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Kirby: Nightmare in Dreamland

Growing up in the heyday of the NES was both a cause of great pleasure and great pain for me. I was able to see all of the great games, like Mario 3 and Contra, but at the same time I was never able to really play them because of my sisters’ control over her NES. Years later she still has that NES and I still don’t, but fortunately I’ve got a Gameboy Advance, and thankfully I’m dealing with one of the laziest companies in the world, Nintendo. I recently picked up Kirby: Nightmare in Dreamland, a game that is surprisingly similar to the NES Kirby that came before it.

For those unfamiliar with the series, Kirby is the platformer that Mario could never be. Kirby is cute and cuddly, nothing like the Italian plumber at all. Kirby’s day consists of him sucking up enemies and swallowing them, hoping to gain such magical powers as a laser attack and an attack that freezes his enemies. He then wanders about his magical land hoping to find enemies that are blocking platforms that he needs to use to get to the next area. Kirby can suck in his enemies and blow them out as well, turning our pink hero into a cannon of massive power. Kirby can also float about the level, while enemies from the ground only hope to be able to attack him.

Kirby romps through spacious levels destroying all who stand in his way to inevitably come to climatic boss battles with any assortment of enemies ranging from giant trees to big fat penguin guy with massive hammers. What is the point of all of this? It seems that the evil King Dedede has decided to steal the Star Rod, which is the power of the Fountain of Dreams. Kirby gets irritated at this vile act of malice when he and all of his friends can no longer dream when they go to sleep.

Kirby’s plot is nothing but sheer brilliance. It never needs to resort to drastic plot twists or anything to make it remotely interesting and involving. The game relies strictly on the sheer addictive nature of platforming with Kirby to keep you playing. While you eventually will get the Star Rod back into the hands of the just and the good, you don’t take over the world with it or anything, just return it to its rightful owner. Nope, Kirby is your modern day knight in shining armor, fighting through over 7 worlds for the rights of him and his friends.

Fortunately the plot is never really mentioned in the actual gameplay, and you are left with platforming that is actually quite good, but sadly just a little too easy. Most levels can be accomplished without a single bubble of Kirby’s health actually draining from his body. The boss battles, while actually somewhat challenging, are accomplished in less than a minute once you figure out the linear strategy that the boss will use in an effort to topple you.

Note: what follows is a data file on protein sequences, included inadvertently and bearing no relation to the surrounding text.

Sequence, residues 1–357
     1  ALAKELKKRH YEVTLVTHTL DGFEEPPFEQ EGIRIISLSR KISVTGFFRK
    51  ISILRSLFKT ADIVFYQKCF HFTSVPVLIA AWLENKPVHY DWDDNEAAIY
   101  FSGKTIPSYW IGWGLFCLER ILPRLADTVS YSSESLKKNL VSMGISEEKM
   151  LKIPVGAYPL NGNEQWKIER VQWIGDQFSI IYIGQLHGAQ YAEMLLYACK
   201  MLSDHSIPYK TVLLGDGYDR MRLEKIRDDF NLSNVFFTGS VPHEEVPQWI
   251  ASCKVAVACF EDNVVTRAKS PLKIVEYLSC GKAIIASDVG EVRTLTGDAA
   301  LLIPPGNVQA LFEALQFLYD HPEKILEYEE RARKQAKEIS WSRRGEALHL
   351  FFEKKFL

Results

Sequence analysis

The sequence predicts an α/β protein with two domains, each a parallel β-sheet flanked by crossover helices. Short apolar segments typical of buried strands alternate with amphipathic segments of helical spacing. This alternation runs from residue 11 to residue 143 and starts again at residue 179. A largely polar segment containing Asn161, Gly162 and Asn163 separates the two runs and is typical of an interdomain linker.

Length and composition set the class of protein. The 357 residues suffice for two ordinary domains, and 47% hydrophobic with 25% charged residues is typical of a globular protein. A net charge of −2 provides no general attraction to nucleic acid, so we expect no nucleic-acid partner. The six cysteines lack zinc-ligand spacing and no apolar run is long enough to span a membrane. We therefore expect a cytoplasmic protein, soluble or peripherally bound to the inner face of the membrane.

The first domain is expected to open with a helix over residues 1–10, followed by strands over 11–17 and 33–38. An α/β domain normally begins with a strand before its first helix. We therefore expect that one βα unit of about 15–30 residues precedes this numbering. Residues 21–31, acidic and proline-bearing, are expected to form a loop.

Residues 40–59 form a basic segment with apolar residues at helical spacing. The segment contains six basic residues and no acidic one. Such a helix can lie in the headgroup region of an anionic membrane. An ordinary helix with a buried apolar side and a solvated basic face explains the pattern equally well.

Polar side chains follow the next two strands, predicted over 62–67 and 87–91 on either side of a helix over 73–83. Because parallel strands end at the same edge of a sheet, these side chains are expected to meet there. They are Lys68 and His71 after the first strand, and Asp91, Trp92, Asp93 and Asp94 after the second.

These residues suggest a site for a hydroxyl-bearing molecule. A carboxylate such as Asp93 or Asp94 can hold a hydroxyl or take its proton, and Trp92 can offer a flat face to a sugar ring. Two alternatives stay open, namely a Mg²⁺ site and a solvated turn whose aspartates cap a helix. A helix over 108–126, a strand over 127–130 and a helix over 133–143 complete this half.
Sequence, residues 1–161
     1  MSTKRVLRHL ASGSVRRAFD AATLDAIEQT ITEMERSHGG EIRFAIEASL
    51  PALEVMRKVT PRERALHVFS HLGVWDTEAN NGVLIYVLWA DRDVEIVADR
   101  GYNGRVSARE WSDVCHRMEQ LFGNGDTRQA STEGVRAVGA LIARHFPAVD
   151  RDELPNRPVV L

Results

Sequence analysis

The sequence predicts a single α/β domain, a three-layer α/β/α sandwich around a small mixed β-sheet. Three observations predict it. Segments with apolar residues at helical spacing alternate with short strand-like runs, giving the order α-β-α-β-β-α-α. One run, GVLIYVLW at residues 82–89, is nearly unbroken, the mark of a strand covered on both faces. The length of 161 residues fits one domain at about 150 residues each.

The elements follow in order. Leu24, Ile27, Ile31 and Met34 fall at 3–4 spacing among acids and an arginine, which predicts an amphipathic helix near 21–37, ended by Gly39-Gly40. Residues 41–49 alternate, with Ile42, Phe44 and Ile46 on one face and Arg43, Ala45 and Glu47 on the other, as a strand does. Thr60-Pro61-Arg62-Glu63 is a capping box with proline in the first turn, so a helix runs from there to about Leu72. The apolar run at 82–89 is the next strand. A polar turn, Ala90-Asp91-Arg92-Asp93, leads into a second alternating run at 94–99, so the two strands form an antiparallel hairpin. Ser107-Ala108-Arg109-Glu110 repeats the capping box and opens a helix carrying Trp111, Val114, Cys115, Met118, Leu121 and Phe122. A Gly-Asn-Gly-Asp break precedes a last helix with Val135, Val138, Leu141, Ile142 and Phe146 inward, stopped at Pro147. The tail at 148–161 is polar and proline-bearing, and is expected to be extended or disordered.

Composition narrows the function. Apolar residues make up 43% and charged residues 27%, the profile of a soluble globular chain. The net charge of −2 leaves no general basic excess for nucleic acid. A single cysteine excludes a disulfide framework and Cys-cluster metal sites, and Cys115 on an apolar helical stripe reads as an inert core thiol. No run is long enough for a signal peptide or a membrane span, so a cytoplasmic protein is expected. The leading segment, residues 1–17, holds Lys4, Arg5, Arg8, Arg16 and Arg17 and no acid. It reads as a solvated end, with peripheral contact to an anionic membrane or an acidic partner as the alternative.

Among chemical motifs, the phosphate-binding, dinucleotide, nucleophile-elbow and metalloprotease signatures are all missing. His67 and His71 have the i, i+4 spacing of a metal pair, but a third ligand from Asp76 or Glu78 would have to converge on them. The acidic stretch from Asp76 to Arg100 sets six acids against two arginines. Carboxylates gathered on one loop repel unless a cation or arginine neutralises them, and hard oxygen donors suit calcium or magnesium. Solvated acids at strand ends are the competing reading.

Thankfully Kirby’s platforming is satisfying to play through. Though I was basically able to finish the game in just one sitting, I never grew bored with it. The level design is very fun; as was trying to find all the different powerups I could gain from my enemies. I really also enjoyed the ”Sub-Games” that were added in, after playing through a couple of levels in the real game I could go and race other Kirby’s down a rail or play an odd version of Tennis.

Kirby’s graphics aren’t going to win any awards, but they are more than adequate for the games design. Enemies are colorful and the levels are vibrant, and on the cuteness scale Kirby definitely gets a perfect score. Kirby’s different powerups are expressed through the Wizards hat that he is wearing, and the hat is actually animated with Kirby’s movements. This slight attention to aesthetics is sure to please all who play. The bosses are full of life as well and are nothing if not exciting to look at.

Kirby’s sound is a cheery little mix filled with light-hearted songs that seemed to have been composed with just a single flute. The music furthers the relaxing feel of playing through Kirby. The sound effects are slightly above average, but most are simply unnoticeable. Kirby makes all sorts of little bloops here and there, but the sound effects really aren’t important at all.

Overall, Kirby: Nightmare in Dreamland could be up to par with great platformers like Super Mario World and Yoshi’s Island. As it stands it’s a very good title indeed, just good though. If a few more Sub-Games were added on and the game was longer, this would definitely be one of the best, but sadly it missed the mark.

7 out of 10

The author of this fine article

is an Associate Editor at Thunderbolt, having joined in February 2003.

Gentle persuasion

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